2020 has been a wild ride for Wells Fargo (NYSE:WFC). Since the start of the novel coronavirus pandemic, the decline in interest rates led WFC stock to lose half its value This led the bank to sustain a loss of $2.4 billion in its second quarter.
Adding to this, Warren Buffett’s Berkshire Hathaway (NYSE:BRK.A, NYSE:BRK.B) recently sold a piece of its stake in the company and now holds just 136 million shares. And that doesn’t even scratch the surface of Wells Fargo’s regulatory issues. The bank has long been plagued by scandals that continue to impact its reputation in the financial sector.
While all of this points to a bleak future for the Wells Fargo, WFC stock actually has a lot of upside left as we close out the year. In October, the company reported strong Q3 earnings, hinting at better days ahead. Currently trading at 63% of its net book value, many investors see Wells Fargo as a good buy before the financial sector picks up again.
WFC stock may not be out of the doghouse yet but the path forward is certainly bright.
WFC Stock Has an Underdog Advantage
There’s no denying that the pandemic weighed heavily on the financial sector but Wells Fargo felt the heat more than most. After a massive decline in its share price and an 80% drop in dividends, investors lost all confidence in the stock. The bank continued to lag behind its peers for much of this year.
Since the pandemic lows of March and April, JP Morgan (NYSE:JPM), Citi (NYSE:C) and Bank of America (NYSE:BAC) managed to add 40% to their share price. However, WFC stock barely saw any movement in the months that followed until a recent rally. This has many bulls on Wall Street hoping for a much bigger run in the future. Given that Wells Fargo still has a lot of catching up to do, the current price presents a great buying opportunity before the stock soars.
This optimism stems from two areas. Many point to the fact that if the bank is able to manage its expenses and shed some of its costly asset cap, it could drive the stock price up significantly. The current asset cap is said to cost the company nearly $4 billion. This coupled with strong cost-cutting initiatives from its new CEO will really do wonders for Wells Fargo. However, the path to recovery still remains unclear at the moment.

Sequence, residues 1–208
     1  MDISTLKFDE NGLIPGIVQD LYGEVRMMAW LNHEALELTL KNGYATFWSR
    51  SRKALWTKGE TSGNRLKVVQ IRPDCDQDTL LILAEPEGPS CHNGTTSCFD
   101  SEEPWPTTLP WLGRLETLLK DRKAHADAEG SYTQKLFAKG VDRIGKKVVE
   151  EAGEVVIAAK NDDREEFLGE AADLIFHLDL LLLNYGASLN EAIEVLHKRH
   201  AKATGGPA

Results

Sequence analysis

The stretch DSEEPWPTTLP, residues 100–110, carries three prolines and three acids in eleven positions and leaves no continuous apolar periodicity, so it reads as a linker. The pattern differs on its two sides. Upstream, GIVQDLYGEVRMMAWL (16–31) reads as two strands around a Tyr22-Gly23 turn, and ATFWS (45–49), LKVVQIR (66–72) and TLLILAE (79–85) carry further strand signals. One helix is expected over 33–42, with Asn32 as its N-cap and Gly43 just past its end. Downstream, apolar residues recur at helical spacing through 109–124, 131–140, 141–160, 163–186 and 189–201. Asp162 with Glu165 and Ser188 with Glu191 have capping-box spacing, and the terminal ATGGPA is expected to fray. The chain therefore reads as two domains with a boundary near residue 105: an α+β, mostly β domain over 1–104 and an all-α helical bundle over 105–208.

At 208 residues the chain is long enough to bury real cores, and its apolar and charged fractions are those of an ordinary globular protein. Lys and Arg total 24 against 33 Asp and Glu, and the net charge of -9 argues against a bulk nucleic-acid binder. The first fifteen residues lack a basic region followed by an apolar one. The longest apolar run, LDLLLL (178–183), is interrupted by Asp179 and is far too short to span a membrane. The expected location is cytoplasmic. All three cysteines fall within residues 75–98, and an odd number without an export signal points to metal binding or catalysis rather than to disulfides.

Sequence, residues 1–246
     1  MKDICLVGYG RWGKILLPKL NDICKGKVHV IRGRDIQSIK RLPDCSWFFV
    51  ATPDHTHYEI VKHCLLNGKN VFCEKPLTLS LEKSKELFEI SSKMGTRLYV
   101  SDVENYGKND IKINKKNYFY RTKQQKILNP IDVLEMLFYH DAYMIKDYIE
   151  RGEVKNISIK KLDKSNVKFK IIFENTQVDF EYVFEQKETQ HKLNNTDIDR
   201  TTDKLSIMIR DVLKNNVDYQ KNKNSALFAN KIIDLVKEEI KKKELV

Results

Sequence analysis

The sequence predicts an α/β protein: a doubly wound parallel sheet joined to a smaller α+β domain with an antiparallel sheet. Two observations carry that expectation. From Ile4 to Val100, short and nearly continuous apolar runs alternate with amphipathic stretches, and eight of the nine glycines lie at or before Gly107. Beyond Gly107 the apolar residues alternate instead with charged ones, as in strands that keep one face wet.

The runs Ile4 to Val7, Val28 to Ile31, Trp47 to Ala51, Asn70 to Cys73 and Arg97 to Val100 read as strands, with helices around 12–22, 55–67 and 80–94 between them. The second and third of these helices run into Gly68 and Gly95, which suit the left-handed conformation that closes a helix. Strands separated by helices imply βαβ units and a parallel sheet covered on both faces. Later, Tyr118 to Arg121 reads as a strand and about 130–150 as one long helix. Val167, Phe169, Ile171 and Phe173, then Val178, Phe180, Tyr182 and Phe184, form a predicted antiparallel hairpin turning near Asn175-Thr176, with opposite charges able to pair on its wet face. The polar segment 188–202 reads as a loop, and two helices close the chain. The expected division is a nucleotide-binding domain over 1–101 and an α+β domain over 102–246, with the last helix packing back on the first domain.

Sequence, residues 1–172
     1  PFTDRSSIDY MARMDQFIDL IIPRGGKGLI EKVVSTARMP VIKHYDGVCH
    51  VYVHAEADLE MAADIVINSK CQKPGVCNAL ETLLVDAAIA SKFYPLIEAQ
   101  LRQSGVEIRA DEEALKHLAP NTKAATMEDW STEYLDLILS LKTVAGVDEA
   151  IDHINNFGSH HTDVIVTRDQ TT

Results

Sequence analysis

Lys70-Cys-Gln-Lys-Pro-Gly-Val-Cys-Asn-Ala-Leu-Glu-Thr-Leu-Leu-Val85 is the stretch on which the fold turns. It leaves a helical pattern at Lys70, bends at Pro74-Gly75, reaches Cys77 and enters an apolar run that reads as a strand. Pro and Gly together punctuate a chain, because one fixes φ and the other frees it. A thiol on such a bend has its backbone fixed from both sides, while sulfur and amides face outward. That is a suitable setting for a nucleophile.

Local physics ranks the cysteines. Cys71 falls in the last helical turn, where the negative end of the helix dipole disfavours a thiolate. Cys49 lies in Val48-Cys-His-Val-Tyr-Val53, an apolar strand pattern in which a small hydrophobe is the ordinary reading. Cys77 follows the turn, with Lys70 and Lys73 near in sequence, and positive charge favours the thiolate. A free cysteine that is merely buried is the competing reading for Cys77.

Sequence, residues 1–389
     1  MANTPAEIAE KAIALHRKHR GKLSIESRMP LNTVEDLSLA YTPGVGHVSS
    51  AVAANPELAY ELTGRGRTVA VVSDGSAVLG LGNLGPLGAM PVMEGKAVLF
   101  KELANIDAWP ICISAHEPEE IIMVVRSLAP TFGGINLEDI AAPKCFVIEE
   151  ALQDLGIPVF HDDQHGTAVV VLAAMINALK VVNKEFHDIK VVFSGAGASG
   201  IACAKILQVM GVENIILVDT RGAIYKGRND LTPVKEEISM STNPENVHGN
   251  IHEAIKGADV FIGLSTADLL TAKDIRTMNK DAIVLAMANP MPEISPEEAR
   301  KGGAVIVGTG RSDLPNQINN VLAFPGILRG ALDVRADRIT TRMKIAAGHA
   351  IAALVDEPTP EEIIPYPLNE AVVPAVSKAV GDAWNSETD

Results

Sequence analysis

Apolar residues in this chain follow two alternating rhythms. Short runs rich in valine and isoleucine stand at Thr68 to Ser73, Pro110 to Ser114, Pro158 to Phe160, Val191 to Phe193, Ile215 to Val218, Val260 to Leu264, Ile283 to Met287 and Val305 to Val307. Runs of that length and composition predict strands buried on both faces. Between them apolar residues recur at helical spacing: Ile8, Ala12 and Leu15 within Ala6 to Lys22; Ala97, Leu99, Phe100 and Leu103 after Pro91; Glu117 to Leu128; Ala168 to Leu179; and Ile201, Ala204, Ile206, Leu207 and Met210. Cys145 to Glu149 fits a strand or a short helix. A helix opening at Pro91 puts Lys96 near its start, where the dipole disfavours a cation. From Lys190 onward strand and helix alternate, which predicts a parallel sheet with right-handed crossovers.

A Covid Vaccine Rally
In addition to the potential removal of its asset cap, investors in the bull camp have a second reason to remain optimistic about WFC stock. The development of a Covid-19 vaccine by Pfizer (NYSE:PFE) and Moderna (NASDAQ:MRNA) signals the start of an imminent return to a post-pandemic world. Stocks across the board, including Wells Fargo, rallied as investors rejoiced at the news.
Following the announcement, Well’s share rose by a third and outperformed the recent surge in banking stocks. This led to a wave of upgrades by many analysts pushing its stock up by 8%. As reported by Barron’s, the firm Raymond James Financial (NYSE:RJF) anticipates the stock price will hit $32 in the coming months. WFC stock is trading around $29. Analysts at the firm attribute this optimism to several factors, including an increase in the pre-tax pre-provision income and expense cuts in 2021.
As the Covid vaccine fuels the pandemic recovery, WFC stock expects a strong December and an even better 2021. Given the dramatic drop in its share price this year, it only makes sense that an uptick in the stock is definitely in the cards.
The Bottom Line on Wells Fargo
Wells Fargo has had a rough couple of years with its reputation marred by a series of scandals and a dramatic dip in its stock price in 2020. Despite its problems, Wells Fargo is still is one of the largest and most well-established names in the financial sector. The bank is already on its path to dealing with the regulatory issues that first came to light in 2016. In addition to this, it also expects to exit the asset cap which is one of its biggest barriers to success.
These signs coupled with analysts’ positive outlook on WFC stock points to a brighter future for the company. The stock is at rock-bottom right now but this also means that it will only go higher. This makes it a worthy investment at its current price.
On the date of publication, Divya Premkumar did not have (either directly or indirectly) any positions in any of the securities mentioned in this article.
Divya Premkumar has a finance degree from the University of Houston, Texas. She is a financial writer and analyst who has written stories on various financial topics from investing to personal finance. Divya has been writing for InvestorPlace since 2020.